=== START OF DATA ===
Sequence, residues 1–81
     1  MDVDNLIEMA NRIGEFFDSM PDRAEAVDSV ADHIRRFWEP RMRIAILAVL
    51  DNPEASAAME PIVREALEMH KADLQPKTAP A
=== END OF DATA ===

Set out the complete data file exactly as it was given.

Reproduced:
Sequence, residues 1–81
     1  MDVDNLIEMA NRIGEFFDSM PDRAEAVDSV ADHIRRFWEP RMRIAILAVL
    51  DNPEASAAME PIVREALEMH KADLQPKTAP A